Read: Second dry run of COVID-19 vaccination conducted; Vardhan says vaccines to be made available in next few days

What are the challenges?

The Ankleshwar-Vapi-Vadodara-Ahmedabad belt along with Pune and Aurangabad rely on the Mumbai airport for exports. The clusters in the north dependent on the Delhi airport and the one in Sikkim relies on Kolkata. Multi-modal transport increases not just the cost of operations but also the risk of contamination or inability to maintain the desired temperature that can cause quality issues.

Apart from multiple sops, availability of power, infrastructure and manpower, exports and in turn foreign exchange would be earned if airports with adequate infrastructure are close to the production areas.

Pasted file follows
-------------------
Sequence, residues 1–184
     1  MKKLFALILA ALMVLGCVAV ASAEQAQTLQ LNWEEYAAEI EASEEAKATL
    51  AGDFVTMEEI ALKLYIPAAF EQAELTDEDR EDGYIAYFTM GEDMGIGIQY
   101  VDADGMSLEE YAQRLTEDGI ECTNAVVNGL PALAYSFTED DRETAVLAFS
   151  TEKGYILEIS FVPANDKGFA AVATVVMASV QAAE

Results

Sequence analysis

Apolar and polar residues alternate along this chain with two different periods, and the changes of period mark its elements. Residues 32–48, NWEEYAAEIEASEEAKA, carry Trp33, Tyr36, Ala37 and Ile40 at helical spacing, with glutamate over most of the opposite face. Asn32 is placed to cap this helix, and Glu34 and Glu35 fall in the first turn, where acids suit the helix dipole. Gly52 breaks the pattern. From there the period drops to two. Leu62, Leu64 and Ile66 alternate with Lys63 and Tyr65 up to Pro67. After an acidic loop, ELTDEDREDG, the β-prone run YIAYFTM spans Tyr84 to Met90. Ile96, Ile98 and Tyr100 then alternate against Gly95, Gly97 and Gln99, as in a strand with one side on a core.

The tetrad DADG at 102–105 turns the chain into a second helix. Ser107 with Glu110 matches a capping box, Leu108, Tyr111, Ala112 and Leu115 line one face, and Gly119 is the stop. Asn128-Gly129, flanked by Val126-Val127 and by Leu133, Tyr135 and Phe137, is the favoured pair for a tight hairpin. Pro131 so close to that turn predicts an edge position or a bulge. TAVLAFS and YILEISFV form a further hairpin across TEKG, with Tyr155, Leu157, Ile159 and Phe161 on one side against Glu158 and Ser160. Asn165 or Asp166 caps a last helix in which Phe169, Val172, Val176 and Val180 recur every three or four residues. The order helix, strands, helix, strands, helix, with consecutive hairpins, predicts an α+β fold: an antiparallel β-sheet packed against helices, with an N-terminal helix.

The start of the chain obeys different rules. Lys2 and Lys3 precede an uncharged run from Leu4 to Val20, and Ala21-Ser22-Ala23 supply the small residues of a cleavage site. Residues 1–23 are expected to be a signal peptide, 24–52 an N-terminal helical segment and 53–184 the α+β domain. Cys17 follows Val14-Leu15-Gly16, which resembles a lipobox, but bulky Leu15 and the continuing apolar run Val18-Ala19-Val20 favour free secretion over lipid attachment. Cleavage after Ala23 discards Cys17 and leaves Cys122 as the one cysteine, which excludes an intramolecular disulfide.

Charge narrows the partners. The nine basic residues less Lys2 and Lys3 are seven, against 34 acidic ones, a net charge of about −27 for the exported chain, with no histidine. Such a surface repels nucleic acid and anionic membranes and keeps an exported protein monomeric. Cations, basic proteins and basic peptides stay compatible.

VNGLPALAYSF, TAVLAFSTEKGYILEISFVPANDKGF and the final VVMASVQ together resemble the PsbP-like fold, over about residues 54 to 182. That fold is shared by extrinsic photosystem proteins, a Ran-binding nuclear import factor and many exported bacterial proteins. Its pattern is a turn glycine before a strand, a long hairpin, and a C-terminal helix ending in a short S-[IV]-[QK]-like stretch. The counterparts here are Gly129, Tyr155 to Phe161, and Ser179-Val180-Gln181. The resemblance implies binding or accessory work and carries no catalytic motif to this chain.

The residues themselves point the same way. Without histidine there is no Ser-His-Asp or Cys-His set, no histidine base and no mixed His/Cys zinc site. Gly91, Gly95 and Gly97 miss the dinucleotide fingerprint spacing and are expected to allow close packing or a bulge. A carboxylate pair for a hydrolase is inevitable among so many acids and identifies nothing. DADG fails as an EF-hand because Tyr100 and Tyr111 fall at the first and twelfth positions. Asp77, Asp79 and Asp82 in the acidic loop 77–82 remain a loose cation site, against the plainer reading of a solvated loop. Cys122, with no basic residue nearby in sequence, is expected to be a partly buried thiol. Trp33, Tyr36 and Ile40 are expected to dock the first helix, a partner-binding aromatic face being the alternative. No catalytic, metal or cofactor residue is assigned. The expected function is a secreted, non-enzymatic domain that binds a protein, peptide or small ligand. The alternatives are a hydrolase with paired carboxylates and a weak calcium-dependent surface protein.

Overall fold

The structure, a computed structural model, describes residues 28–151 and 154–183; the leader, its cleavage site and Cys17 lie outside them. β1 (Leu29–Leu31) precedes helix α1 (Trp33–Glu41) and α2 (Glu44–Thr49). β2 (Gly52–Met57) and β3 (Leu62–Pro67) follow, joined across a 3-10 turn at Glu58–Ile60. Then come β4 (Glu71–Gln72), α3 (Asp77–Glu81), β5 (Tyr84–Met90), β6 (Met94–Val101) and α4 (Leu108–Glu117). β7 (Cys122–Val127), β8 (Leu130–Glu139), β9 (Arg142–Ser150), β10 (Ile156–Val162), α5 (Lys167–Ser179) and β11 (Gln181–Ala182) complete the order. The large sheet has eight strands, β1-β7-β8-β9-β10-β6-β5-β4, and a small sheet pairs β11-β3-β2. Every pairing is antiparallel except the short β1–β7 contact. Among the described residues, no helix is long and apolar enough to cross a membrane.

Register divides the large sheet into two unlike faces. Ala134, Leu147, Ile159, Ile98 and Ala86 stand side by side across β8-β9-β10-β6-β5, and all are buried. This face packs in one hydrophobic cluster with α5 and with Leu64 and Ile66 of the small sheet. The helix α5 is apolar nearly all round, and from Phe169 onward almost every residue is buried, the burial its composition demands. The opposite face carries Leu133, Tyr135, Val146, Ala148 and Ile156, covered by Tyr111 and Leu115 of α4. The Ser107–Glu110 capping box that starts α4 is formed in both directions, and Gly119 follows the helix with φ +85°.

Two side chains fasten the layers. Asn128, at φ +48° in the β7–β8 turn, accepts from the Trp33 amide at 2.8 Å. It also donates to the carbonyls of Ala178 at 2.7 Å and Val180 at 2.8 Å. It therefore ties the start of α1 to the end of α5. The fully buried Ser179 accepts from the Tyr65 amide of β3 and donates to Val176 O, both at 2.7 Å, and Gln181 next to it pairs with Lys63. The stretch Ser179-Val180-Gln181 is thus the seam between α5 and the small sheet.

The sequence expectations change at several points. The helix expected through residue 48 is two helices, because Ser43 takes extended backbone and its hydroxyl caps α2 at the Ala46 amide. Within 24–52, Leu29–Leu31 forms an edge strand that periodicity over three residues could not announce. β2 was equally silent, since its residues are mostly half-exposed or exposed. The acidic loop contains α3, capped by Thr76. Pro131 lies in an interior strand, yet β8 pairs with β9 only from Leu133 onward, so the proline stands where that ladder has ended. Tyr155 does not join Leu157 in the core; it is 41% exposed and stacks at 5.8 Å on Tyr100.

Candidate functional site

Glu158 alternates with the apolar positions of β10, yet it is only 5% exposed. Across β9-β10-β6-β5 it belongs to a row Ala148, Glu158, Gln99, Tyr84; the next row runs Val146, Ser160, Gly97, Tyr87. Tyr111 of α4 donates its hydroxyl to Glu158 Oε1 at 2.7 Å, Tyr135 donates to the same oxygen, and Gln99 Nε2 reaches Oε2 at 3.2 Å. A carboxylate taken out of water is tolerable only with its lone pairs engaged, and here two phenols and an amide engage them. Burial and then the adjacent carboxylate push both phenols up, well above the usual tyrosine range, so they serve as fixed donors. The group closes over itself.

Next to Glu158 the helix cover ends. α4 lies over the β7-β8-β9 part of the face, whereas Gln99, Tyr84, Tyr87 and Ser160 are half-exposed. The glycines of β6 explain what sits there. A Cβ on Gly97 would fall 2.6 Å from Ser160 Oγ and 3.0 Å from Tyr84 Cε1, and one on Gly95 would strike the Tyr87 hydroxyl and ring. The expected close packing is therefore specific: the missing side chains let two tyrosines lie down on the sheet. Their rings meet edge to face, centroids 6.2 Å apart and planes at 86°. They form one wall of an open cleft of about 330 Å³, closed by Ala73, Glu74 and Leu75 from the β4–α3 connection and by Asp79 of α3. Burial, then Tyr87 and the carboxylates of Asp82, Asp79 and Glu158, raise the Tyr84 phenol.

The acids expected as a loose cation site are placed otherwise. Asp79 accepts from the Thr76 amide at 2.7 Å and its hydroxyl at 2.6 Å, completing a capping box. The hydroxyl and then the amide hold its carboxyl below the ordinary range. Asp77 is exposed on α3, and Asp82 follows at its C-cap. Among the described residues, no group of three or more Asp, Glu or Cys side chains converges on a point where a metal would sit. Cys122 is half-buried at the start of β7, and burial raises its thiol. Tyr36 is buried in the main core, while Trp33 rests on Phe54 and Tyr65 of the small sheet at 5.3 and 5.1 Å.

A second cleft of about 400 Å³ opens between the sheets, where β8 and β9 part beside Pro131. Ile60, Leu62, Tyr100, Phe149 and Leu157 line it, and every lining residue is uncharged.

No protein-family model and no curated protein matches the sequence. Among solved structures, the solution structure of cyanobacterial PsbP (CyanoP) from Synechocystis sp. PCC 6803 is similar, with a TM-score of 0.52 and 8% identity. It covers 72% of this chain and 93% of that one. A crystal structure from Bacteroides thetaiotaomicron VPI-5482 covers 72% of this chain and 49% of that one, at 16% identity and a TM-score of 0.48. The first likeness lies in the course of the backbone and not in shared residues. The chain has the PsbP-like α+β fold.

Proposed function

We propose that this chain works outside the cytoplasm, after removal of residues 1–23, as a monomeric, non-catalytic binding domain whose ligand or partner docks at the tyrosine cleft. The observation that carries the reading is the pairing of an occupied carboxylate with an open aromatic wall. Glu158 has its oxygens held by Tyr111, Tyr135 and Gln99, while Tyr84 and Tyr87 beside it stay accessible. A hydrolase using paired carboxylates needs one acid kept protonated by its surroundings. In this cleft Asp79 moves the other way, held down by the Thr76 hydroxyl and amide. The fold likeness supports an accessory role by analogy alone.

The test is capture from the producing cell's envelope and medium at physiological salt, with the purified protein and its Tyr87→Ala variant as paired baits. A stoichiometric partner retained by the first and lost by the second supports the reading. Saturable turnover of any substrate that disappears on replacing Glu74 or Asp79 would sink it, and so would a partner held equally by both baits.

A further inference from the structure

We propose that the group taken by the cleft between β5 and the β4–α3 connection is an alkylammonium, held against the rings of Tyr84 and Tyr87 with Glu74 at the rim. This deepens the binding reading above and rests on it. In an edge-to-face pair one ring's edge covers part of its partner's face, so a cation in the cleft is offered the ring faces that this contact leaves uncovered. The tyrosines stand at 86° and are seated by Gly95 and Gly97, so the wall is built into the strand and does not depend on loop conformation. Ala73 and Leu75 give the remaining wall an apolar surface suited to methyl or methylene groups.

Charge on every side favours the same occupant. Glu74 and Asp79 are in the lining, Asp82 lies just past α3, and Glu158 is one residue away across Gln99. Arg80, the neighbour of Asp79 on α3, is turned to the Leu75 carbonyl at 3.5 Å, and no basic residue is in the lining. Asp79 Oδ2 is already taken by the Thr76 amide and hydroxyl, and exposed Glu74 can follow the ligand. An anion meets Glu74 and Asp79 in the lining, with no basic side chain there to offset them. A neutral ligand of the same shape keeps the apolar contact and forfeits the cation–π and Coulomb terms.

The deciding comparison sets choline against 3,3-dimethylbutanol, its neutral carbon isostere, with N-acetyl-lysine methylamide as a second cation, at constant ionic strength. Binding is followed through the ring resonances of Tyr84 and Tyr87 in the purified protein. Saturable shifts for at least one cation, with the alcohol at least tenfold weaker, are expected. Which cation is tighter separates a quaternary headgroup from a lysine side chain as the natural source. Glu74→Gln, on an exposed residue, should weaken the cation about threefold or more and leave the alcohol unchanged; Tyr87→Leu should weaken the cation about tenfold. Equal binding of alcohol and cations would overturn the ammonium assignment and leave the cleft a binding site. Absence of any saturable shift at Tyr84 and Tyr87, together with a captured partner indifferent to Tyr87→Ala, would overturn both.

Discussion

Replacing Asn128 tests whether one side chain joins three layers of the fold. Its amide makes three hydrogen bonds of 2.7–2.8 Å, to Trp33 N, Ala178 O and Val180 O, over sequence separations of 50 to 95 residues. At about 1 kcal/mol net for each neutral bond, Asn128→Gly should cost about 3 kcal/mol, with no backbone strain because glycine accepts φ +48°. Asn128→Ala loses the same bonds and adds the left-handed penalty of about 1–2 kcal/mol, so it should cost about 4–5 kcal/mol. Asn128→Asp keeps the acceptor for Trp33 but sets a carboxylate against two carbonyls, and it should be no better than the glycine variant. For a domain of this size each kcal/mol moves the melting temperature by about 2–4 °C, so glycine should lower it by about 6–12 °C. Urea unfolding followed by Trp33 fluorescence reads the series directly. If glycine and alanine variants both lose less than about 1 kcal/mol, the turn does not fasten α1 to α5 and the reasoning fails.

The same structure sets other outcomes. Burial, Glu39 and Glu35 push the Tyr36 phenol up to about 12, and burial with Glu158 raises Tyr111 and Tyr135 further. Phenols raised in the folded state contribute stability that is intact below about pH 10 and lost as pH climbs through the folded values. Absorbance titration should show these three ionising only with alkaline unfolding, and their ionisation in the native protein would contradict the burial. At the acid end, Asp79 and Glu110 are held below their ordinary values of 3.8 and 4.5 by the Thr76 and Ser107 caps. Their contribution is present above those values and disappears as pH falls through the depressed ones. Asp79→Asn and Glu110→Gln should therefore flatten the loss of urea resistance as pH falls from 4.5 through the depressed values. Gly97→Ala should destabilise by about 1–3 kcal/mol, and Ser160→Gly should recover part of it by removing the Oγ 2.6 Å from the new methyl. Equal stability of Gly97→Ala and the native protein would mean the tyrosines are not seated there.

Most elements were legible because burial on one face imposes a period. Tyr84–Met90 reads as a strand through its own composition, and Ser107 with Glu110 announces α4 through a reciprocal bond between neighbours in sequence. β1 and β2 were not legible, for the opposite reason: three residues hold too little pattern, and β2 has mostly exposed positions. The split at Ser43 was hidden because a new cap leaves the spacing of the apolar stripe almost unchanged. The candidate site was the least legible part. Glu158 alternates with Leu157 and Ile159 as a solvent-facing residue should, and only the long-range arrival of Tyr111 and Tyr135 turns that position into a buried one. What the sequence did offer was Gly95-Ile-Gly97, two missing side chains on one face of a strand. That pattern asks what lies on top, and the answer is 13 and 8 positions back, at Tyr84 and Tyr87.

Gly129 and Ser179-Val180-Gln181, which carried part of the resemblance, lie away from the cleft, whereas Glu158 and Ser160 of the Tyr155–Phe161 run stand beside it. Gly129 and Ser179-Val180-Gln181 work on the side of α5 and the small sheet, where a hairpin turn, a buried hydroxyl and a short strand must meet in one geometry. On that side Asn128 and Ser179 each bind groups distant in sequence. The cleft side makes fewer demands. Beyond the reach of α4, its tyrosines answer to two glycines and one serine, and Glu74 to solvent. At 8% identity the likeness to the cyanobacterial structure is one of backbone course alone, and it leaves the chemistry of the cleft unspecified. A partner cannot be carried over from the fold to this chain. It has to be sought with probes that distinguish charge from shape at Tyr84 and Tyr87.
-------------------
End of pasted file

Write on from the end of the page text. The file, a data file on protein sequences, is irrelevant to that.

Tailpiece

An airport cannot be built overnight but with the government focusing on infrastructure, there cannot be a better time to plan for the future as focus shifts to Mission Atmanirbhar and exports to make India a manufacturing hub.

A new civilian airport for Pune has been in the pipeline for more than two decades. The project has moved from one land parcel to the other multiple times and the cost of acquisition has shot up manifolds. 

Bagdogra airport has no land for expansion. While it does handle limited international traffic—notably that of Druk Air from Bhutan and onwards to South East Asia—the infrastructure is not enough to cater to regular international cargo.

The infrastructure needed for pharma, especially the cold chain logistics, can easily be extended to farm produce, which will also aid the government's goal of doubling farm income. Hopefully, the coronavirus outbreak will speed up multiple projects that have been stuck in time.

( Ameya Joshi runs the aviation blog Network Thoughts)
Ameya Joshi runs the aviation analysis website Network Thoughts.

stay updated

Get Daily News on your Browser
Sections